5 Replies
              1. re: MakingSense

                Sorry, yes - you are correct: 2.5 divided by .4536 = 5.51 pounds. Serves me right for doing it quickly in my head, rather than using a calculator. Regardless, the bird looks like a small turkey; apparently one of its brethren that was sold before I arrived was exactly double that weight, which means it was larger than the Xmas turkey my mother buys annually. Can't imagine the sheer size of the thing! I'm more of a 1.3 kg chicken type of gal, since that's a good size for a Zuni roast chick.

                1. re: Gooseberry

                  This is a bit off-topic, but the organic and "free-range" chickens (Rosie's and Rocky's) I've bought in the past several years have gotten larger and larger. It's weird. Rocky's started looking like small turkeys and Rosie's are getting there. I bought a kosher chicken at TJ's last week after my husband's nephew visited from Israel. He knew all about TJ's having kosher chickens.

                  It was quite good...and cheaper than Rosie organics or Hoffman's from Cafe Rouge Meat Market. I think it was $1.59/lb.

                  1. re: oakjoan

                    The breeds of chickens being raised for sale now are usually larger at the age when they're ready for market. Simple economics since chicken parts yield greater profit than whole chickens.
                    Do the math. Add up the prices for breasts, boneless breasts, cutlets, nuggets, tenders, thighs, legs, wings, livers, even backs, feet, etc. and you get many times more per pound than the price of a whole chicken.
                    If you cut up that nice little 2 1/2 pound chicken that we love to roast, those chicken parts look tiny. If you cut up that 5 pound super-chicken, those parts look like the sizes that people expect.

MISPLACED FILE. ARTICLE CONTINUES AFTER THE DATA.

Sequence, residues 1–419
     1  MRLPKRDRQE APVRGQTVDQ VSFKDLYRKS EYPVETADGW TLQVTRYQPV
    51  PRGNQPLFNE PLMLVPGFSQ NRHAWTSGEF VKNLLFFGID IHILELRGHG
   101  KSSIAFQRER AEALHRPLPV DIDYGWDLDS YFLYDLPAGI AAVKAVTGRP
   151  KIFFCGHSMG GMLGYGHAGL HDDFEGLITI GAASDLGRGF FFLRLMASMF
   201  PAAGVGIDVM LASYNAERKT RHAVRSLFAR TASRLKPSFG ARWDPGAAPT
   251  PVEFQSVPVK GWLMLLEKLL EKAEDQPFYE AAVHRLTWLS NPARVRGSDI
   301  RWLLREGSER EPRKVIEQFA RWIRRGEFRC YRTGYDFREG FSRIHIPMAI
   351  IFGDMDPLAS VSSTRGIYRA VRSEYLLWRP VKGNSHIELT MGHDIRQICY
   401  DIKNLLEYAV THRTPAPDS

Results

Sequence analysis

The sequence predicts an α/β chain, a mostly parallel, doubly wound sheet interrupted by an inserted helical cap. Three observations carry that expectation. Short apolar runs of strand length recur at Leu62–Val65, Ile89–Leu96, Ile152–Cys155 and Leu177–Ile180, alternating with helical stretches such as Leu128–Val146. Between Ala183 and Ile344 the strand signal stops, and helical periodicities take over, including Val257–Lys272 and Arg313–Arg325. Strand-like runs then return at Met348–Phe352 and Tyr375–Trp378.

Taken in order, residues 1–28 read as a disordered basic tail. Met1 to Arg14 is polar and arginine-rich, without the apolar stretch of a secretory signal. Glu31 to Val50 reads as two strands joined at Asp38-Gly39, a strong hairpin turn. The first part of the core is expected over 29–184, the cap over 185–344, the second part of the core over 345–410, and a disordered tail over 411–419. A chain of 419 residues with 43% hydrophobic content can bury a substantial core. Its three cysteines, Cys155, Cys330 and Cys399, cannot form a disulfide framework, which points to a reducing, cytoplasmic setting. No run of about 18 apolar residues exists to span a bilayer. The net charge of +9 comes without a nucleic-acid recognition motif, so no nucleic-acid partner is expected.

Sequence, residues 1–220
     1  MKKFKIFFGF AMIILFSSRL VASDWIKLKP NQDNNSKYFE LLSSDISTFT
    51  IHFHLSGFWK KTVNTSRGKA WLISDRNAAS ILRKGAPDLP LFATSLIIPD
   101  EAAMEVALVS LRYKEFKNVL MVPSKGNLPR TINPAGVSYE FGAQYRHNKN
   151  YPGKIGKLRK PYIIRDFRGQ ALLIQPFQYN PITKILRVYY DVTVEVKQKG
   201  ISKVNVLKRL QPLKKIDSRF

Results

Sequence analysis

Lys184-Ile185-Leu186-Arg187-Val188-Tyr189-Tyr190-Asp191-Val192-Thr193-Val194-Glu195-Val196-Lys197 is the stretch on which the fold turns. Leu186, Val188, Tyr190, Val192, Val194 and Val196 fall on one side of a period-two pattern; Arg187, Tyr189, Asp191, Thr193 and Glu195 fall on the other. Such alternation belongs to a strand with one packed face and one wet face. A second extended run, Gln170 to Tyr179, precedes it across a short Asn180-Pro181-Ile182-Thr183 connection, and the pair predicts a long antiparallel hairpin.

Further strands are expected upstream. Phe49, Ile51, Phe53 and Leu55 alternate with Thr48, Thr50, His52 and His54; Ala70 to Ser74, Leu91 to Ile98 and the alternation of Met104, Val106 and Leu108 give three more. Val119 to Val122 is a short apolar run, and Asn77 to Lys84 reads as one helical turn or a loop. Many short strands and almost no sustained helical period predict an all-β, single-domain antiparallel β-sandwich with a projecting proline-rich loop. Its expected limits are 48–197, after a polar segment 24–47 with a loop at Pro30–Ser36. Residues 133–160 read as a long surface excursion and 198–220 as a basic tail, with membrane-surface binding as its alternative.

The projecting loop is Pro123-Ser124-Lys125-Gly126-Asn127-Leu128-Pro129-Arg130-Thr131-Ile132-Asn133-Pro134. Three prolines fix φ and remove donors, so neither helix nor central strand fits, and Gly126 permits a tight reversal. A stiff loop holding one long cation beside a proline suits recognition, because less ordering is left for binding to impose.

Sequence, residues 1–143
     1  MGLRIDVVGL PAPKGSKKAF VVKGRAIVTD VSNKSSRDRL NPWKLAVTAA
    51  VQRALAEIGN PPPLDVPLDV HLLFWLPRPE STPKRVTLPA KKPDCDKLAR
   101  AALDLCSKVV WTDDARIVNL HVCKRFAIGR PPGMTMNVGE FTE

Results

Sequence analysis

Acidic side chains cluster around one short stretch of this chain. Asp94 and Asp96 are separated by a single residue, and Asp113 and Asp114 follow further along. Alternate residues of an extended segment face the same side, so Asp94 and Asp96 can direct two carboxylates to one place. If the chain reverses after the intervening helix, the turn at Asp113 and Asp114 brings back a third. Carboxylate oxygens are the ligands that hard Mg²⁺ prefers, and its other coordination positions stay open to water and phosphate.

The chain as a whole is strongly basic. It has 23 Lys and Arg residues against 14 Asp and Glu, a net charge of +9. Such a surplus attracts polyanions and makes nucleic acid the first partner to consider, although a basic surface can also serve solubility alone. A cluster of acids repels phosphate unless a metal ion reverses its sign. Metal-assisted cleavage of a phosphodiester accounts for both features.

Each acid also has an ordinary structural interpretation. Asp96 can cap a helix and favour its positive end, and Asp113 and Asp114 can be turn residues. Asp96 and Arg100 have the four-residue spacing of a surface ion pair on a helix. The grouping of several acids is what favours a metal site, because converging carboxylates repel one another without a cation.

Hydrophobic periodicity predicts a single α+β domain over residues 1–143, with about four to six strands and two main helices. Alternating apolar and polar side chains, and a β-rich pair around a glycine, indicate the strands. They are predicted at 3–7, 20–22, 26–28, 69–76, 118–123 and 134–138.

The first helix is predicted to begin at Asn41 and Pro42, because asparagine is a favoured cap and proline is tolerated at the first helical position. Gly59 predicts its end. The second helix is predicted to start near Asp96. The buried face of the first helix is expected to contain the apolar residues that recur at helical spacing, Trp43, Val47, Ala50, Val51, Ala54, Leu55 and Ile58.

1. re: MakingSense

                      Very true. In this case, though, I think my chicken was large because it was an older chicken - my butcher confirmed that chickens which smell of eggs are often egg-laying chickens which are past their prime and have therefore been slaughtered. Gotta love how nothing goes to waste in a farmyard. Which means that I really should stew the bird, rather than barbeque it, since it will probably be very tough, albeit particularly flavourful. Decisions, decisions. I think the chicken might be smelling less - or pergaps I'm just getting used to the smell.

                      1. re: Gooseberry

                        Dear Gooseberry, we cityfolk are going through a period of adjustment. Most of us have been buying our food in nice plastic wrappers from sanitary groceries our entire lives. Our knowledge of farms is from our nice clean schoolbooks which did not prepare us for smells nor natural variations.
                        To us a chicken was a chicken. Flour was flour. Eggs were eggs. Butter, cream, milk, sugar, beef, pork, produce, everything - we took it all for granted. Now we have to learn an entire new world of information and some of it shatters our old assumptions. This stuff is often very, very different from the old supermarket stuff.

                        There's not an easy way of telling about the age of your chicken from looking at it's corpse. You are not an expert yet. Sometimes, you really can't "tell by the smell" since you just aren't used to buying chickens like this. And the size is not an indicator since you don't know the breed.
                        The problem is that if you stew a young bird, the meat may be dry. If you grill an old bird, the meat may be tough. Flip a coin?

                        My best advice is to follow your original plan this time.
                        Next time, ASK more questions of the farmer. He can teach you a lot. He will know exactly how you should cook THAT particular bird. Then ask EVERY time. The next bird he brings to market won't be the same bird. Remember that!!!
                        You are buying from a FARM not an assembly line. Ain't no two alike.